Behavioral experiences are quite different from our visceral responses. In this case, our reactions to a new experience are founded on empiricism, not based on our preconceptions. The behavioral level is all about forming opinions about our experiences in light of actions and how they aid or detract from our intended interactions.

Reflective Experiences

Reflective experiences occur when we have time to think about our visceral and behavioral responses. That is, once you leave a Web site, exit an app, or walk away from a touchscreen kiosk, how would you recall or describe your experience? The answer to this question typically blends the experience you just had with a user interface with your longer-term biases, preferences, concerns, proficiencies, deficiencies, goals, and motivations. Reflective experiences tend to be powerful indicators of the likelihood of repeat interactions.

Addressing All Three Levels of an Experience

Keeping this multifaceted view of user experiences in mind, it becomes easier to develop an effective plan for mitigating users’ painpoints and maximizing their satisfaction, as well as the usability of a digital—or non-digital—experience.

When addressing the behavioral and reflective levels of an experience, there simply are no tricks a UX designer can employ. You must engage in a user-centered design process, empathizing with your target users, learning as much about them as possible, and applying your insights in creating a rock-solid, usable experience that solves a genuine problem and helps users achieve their goals—all in an enjoyable, efficient way.

Of course, this is nothing new to UX designers. A design-thinking process should be the bread and butter of your design arsenal. What I believe may be new for a lot of folks though is the possibility of mentally simulating alternative realities, in ways that don’t cause the user to think the product designer is a crazy person or a liar—or both.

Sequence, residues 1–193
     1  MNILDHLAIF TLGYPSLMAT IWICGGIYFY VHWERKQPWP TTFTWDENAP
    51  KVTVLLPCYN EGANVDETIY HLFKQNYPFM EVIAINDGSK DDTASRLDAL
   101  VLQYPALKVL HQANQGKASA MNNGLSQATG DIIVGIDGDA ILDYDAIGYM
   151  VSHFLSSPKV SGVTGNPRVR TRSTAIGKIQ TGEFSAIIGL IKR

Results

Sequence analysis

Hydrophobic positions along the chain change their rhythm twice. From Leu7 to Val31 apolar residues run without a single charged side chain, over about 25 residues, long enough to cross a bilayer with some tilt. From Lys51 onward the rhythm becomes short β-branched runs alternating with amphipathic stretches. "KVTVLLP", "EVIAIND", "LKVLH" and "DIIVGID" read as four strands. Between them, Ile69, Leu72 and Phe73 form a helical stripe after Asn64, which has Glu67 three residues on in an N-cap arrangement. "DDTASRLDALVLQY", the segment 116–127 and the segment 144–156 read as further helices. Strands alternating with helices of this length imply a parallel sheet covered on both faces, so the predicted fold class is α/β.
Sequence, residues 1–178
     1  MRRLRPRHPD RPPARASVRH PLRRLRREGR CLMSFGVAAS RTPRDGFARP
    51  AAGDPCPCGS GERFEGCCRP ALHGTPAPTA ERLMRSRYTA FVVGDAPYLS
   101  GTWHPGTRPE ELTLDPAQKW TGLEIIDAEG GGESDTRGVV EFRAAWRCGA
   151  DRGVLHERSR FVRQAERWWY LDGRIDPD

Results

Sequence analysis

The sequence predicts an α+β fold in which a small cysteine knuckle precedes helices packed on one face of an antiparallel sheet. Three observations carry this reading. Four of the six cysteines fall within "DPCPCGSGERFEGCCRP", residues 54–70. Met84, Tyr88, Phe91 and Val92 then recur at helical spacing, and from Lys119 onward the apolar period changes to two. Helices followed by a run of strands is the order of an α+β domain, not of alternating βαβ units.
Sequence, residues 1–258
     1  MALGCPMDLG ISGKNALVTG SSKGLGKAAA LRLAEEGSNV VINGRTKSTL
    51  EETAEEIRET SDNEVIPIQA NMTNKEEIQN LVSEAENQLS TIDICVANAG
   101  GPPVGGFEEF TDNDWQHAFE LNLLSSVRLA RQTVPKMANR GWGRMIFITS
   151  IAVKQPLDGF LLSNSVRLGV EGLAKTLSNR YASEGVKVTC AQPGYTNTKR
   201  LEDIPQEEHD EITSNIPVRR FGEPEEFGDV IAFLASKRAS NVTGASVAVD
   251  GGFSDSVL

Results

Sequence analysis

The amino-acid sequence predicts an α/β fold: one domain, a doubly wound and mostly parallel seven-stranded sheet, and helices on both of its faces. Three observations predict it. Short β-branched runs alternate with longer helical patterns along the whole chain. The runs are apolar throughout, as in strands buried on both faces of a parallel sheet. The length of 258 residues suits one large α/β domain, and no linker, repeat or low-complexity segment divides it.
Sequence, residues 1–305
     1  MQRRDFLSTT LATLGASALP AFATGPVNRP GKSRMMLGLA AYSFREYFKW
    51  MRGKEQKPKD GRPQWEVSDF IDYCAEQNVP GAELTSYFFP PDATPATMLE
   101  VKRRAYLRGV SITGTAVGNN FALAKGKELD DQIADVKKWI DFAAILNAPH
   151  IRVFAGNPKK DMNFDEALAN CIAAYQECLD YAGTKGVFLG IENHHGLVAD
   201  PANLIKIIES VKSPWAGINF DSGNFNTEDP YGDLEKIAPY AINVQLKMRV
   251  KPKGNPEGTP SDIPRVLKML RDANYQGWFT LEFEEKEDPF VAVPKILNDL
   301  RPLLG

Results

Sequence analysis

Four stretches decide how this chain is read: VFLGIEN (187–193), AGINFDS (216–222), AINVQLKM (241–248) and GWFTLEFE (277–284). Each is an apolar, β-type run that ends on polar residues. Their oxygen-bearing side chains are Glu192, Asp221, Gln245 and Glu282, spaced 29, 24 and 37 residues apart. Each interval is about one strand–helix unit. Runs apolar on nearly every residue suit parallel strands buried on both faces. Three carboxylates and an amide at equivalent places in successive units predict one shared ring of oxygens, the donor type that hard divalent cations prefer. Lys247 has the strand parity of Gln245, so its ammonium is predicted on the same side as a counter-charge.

For example, if you’re designing a video game and want to eliminate the frustration of defeating a very difficult boss, you can’t simply make the boss easier to defeat or program a lightning strike to kill the boss and advance the user to the next level. That would be destructive to both the behavioral and reflective levels of the game’s experience.

But you can identify fleeting interactions that allow a momentary white lie—one that temporarily contradicts the longer-term messaging. The key is designing such white lies in a way that does not detract from the behavioral level of the experience.

So where should you inject these momentary, little white lies? Some user painpoints are easier to manipulate than others. Revisiting my bag of tricks for easing the user’s process of coping with worst-case scenarios, I realize there is one more: visceral dishonesty.

Visceral dishonesty is an effective method of manipulating a user’s overall internal review of a digital experience. There are two considerations when employing visceral dishonesty in experience design. Is the dishonesty blatant or subtle?